About the college kid who was called a shoplifter and laughed at after walking into a boutique on Kiawah Island.
Why do I care?
The moment was reminiscent of Pretty Woman. You know the one, Julia Roberts walks into a high end store, the clerks give her one glance and immediately make assumptions about her? In this case, it’s Casey Parham, a young college student, who was immediately profiled as a shoplifter when she walked into a boutique, due to her race.
Tell me more.
Casey walked into Carolina Girls, a store on Kiawah Island, where her family owns a home a couple of days ago with her friend. Her goal? To purchase a Vera Bradley wallet to take back to college. As she walked into the store, she heard the clerk say, “shoplifter” to another clerk, and they both laughed. As you can imagine she was humiliated and shocked. And, so began the loss of her innocence because this was her first experience with racism. She and her mother, Rene Syler, are both are heartbroken, and frustrated. Rightfully so. But, it doesn’t end there.
What should have yielded a simple apology by the store after calling them out, has since turned into a lack of accountability and an unnecessary attempt to cover-up their less-than-stellar employee’s actions. What could have been handled quickly, and with tact spiraled into a PR nightmare for the store. and turned into a megaphone moment for Syler and her daughter, shining a light on discrimination. Both sides have conducted media interviews, and there’s still no real resolution. It’s a tale of resilience in the face of humiliation and speaking up when it might otherwise have been easier to keep quiet. It’s a lesson in using your voice for a greater good and teaching our kids that they are more than what people say. It’s also a lesson that in spite of negativity, there really are more good people than bad because, as Syler points out, their community online and otherwise, truly gathered around them through this time.
That’s What She Said
“That’s not fair!”
How many times have you heard this in your household? Too many to count we bet. Apparently, this need for fairness is hard-wired in our children from a young age. So, what’s a parent to do? Try the ‘Game Theory’ which offers up scenarios where a child has to make ‘fair’ decisions, the end result being no fighting. Some of these include:
- I cut, you pick. This is great for splitting a treat or snack item. One child cuts, the other gets to pick.
- Tit for tat. This works well for managing a clean-up sesh. You pick up one, I pick up one. You wash one, I wash one until it’s all done.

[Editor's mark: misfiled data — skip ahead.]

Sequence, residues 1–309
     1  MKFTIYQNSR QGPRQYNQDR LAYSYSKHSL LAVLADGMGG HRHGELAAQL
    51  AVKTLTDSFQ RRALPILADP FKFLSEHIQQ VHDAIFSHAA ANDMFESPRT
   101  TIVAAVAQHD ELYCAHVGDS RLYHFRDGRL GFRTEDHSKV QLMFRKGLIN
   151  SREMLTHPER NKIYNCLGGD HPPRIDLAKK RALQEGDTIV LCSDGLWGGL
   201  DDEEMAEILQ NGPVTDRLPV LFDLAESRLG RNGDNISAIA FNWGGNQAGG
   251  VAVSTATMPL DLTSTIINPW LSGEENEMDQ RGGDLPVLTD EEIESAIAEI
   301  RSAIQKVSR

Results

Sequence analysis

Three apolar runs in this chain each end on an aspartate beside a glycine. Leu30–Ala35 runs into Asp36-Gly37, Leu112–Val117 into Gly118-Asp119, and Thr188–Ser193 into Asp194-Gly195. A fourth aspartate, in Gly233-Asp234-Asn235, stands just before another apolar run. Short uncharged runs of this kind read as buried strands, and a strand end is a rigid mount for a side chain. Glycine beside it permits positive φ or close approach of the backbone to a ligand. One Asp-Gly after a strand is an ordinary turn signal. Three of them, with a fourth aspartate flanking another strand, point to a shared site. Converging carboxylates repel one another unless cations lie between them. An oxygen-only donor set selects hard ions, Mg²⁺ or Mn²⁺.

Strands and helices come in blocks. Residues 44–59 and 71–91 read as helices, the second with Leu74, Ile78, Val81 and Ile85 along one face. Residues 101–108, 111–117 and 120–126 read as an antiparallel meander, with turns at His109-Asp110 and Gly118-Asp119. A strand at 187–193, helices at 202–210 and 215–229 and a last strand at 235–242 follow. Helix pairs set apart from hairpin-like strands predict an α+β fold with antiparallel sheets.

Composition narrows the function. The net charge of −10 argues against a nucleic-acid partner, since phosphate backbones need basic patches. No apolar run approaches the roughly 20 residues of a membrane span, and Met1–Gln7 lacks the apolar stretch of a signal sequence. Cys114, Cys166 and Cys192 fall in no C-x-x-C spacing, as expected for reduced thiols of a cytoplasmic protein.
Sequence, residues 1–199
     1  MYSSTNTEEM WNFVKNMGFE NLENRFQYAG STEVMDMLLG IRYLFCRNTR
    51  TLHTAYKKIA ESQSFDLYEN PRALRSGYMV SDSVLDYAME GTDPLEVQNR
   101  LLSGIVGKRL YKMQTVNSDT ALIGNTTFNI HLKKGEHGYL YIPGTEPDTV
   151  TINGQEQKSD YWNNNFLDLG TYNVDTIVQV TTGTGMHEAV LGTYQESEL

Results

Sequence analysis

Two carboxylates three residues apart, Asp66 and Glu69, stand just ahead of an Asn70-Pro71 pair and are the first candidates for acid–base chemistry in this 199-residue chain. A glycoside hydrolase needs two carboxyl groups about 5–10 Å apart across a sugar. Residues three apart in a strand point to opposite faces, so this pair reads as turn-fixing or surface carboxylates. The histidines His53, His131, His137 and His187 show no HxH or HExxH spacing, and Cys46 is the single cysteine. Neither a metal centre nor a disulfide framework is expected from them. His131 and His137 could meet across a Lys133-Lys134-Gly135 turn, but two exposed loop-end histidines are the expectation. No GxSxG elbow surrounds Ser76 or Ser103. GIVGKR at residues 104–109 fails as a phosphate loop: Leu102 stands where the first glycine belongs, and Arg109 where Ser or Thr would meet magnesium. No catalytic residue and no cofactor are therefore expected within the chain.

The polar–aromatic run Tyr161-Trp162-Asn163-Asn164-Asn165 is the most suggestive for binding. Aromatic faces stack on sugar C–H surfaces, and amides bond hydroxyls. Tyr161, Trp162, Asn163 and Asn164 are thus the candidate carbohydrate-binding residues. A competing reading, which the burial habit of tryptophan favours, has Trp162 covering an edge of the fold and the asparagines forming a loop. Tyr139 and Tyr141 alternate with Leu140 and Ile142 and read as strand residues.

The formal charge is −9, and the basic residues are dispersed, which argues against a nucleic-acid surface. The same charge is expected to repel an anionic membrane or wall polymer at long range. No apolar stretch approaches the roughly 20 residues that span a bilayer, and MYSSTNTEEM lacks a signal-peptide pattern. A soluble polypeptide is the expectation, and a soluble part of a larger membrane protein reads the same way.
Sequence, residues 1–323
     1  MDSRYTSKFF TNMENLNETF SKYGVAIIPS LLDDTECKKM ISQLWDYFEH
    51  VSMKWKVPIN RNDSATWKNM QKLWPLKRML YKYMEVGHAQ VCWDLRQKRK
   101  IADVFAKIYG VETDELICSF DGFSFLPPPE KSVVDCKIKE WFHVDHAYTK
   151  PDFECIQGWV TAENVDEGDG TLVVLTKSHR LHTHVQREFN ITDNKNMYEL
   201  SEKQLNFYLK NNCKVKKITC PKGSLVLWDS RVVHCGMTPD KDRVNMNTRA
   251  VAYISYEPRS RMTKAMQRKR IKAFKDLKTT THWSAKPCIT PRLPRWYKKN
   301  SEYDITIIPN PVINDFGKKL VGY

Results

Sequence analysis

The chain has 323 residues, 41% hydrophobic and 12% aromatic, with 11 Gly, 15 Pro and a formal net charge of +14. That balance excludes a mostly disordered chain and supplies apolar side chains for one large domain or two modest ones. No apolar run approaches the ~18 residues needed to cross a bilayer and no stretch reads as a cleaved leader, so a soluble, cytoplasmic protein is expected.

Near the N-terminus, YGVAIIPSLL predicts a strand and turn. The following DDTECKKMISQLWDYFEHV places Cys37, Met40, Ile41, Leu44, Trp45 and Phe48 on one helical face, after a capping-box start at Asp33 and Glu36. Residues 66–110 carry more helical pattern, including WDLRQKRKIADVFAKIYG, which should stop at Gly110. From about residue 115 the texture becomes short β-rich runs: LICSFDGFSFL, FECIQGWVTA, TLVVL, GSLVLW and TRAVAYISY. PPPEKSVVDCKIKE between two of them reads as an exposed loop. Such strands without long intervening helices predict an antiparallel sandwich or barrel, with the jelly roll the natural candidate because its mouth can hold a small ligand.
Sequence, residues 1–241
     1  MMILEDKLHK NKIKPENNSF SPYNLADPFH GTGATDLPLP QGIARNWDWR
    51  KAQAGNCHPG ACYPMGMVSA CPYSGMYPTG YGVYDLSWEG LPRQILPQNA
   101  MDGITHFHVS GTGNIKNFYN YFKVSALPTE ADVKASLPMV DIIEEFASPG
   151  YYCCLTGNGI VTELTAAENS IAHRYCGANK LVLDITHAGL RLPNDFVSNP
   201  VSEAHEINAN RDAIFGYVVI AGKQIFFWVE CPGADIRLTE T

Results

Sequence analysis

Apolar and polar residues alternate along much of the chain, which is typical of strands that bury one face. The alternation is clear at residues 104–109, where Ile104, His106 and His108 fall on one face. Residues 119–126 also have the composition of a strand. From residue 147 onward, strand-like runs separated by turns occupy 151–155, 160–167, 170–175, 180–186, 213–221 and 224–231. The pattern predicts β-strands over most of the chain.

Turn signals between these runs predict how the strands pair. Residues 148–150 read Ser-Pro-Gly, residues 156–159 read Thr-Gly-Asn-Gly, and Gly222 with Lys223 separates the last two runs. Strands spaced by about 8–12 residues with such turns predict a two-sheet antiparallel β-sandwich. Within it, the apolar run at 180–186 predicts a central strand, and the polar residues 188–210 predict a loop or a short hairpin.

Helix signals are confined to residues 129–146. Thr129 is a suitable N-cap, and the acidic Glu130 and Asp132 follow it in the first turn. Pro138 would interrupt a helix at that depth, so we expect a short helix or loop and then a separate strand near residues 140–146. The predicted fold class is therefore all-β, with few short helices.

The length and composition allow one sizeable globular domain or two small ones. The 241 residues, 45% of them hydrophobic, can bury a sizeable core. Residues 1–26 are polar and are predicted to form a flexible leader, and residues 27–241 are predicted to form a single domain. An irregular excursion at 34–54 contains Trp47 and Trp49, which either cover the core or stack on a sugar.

- Random dictator. Does everyone have a different idea for where to go for dinner? Each person put an idea into a hat, and the decision (movie, activity, dinner plan) is chosen randomly.
Put Your Best Foot Forward
Learning to take ‘purposeful pauses’, among other things that nurture your well-being is the key to healthier heart and mindset and avoid becoming over-stressed according to Dr. Patrick Williams. He shares seven strategies for getting out of a stressful head space and into a more relaxed place, and we’re pretty sure we can get on board. Our favorites?
- Take ‘purposeful pauses’ – meaning truly stop and make time to sit in silence, read or do some type of quiet activity without distraction. This will work as your daily re-set.
- Extreme self-care – be willing to commit to time that is just yours. As parents, we often sacrifice that time but what we need is a walk alone on the beach, a pedicure or massage. It’s a necessary part to your well-being, according to Williams. We’re game, how about you?
- Find your tribe – by being a part of a like-minded group who are on the same path of positivity and purposeful self-care, will help you stay on track. Exercise, read, and discuss life together. You will find yourself more focused on your goal of a healthier mindset when you work on that goal with your like-minded pals.
Parting Thought for the Day
I’ve learned that people will forget what you said, people will forget what you did, but people will never forget how you made them feel. -Maya Angelou
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